... the main effect of NHTSA's regulatory activity is to protect the US market for a modified oligopoly consisting of the three US-based automakers and the US operations of foreign-brand producers. It has been suggested that the impetus for NHTSA's seeming preoccupation with market control rather than vehicular safety performance is a result of overt market protections such as tariffs and local-content laws having become politically unpopular due to the increasing popularity of free trade. This has driven US industry to adopt less visible forms of trade restrictions in the form of technical regulations different but demonstrably not superior to those outside the US.
The low carbon vehicles they are making over there would all then be available over here, most importantly the EVs. Adopting ECE Rules could be sold even to the dittoheads as the Tear Down This Wall Act
Even dittoheads are desperate to cut gas use. (sorry I can't find the actual video)
ECE conforming vehicles could be manufactured under licence in Detroit, and the Southern states that are in thrall to the oil and gas industries. We can head off the problems of imports like clever China, which buys wind turbines only if they can be manufactured locally.
Peter Lilienthal at NREL (National Renewable Energy Laboratory), we could see a 42 percent average reduction in national CO2 emissions by a switch from gasoline cars to electric vehicles (all-electric vehicles and plug-in hybrids) recharged by our existing utility grids. It is important to note that such progress could occur even with power generation that mostly uses fossil fuels. Upgrading the Grid to more renewable energy sources, especially where emissions from power generation is greatest due to older coal burning systems, would have an even greater impact.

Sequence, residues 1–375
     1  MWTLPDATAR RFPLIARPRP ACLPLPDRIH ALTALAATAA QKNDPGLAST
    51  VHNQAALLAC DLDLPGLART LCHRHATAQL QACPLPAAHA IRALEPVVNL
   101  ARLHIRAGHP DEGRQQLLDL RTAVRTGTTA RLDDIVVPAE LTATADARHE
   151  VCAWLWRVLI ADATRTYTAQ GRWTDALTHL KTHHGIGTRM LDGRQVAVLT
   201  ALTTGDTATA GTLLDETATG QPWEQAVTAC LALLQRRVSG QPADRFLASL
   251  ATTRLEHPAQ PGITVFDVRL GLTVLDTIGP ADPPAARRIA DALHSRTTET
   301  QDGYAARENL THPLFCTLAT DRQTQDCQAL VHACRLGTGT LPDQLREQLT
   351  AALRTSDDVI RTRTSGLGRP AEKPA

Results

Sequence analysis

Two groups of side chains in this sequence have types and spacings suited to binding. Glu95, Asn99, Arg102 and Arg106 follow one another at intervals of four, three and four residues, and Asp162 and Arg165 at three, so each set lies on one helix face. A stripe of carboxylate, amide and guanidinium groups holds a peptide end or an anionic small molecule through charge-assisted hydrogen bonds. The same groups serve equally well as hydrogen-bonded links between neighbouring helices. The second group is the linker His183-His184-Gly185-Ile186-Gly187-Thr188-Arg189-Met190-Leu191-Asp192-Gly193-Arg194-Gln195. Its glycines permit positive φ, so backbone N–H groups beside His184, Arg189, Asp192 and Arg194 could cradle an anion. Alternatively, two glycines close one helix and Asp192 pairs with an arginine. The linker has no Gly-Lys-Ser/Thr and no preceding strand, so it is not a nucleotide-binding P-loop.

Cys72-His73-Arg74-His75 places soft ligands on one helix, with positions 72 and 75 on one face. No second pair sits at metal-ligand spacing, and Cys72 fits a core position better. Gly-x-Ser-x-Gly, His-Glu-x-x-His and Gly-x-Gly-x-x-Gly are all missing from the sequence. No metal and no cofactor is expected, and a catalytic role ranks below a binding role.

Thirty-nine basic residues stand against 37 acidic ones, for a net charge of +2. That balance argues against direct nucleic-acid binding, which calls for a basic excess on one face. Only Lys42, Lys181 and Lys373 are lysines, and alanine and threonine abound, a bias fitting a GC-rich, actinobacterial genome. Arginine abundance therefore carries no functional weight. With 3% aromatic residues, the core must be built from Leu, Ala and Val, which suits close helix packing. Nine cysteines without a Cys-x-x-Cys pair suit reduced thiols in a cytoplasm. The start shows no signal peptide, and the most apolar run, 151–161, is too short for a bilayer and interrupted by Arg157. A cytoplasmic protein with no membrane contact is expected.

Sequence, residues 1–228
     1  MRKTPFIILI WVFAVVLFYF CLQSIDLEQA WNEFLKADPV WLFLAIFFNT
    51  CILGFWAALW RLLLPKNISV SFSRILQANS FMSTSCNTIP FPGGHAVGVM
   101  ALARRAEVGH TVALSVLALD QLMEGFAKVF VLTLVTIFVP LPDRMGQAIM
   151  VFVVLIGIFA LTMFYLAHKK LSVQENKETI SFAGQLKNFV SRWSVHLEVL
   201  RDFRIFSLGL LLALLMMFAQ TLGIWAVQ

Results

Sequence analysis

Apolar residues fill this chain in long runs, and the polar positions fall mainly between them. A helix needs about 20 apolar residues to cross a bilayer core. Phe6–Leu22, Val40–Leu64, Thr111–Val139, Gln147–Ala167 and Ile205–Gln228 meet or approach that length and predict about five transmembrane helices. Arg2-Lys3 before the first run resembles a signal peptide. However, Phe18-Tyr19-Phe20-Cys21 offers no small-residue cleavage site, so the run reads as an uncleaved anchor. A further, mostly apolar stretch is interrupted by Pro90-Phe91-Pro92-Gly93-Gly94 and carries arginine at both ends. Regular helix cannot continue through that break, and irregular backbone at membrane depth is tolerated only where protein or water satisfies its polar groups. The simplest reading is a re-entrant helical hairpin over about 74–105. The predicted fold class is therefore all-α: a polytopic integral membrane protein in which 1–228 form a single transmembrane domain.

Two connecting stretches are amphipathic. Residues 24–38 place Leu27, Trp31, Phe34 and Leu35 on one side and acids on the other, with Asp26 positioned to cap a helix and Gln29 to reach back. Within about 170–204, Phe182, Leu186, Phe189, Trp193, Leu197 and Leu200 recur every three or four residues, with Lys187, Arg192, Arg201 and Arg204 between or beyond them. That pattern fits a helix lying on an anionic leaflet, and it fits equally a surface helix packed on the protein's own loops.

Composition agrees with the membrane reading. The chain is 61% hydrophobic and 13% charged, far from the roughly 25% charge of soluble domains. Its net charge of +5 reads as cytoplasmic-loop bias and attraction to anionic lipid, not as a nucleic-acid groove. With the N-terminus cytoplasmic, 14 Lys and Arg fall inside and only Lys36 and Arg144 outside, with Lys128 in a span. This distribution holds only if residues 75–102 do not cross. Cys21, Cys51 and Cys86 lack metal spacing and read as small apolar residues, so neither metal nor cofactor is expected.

Heres some other examples of what the ECE Rules have resulted in. Europe has hundreds of fuel efficient car choices, while we have two. Commercial vehicles like delivery vans and trucks, even fewer.
In Italy, the Micro-Vett Fiat Doblo EV sells a variety of EV SUVs and trucks that your community center needs, that travel at freeway speeds and with ranges from 100 - 200 miles. If we adopted the ECE rules these would be legal here. What a simple way for cities that signed the Kyoto Accord to meet the emission standards!
and your city green fleets need this for the city landscapers:
But they are not available under NHTSA in America.
These EV options are surely much better for us than 22 mpg truck/SUV models from the good ol boys in the oil business. While they have been saved in this energy bill from having to exert themselves, we could now do an end run around them by simply adopting the European rules for trucks and SUVs in a separate bill.
This tiny EV designed in China, that turns on a dime (watch it park!) thanks to a novel diamond shaped wheel pattern, could be just what the iPOD generation drives...but not in the US.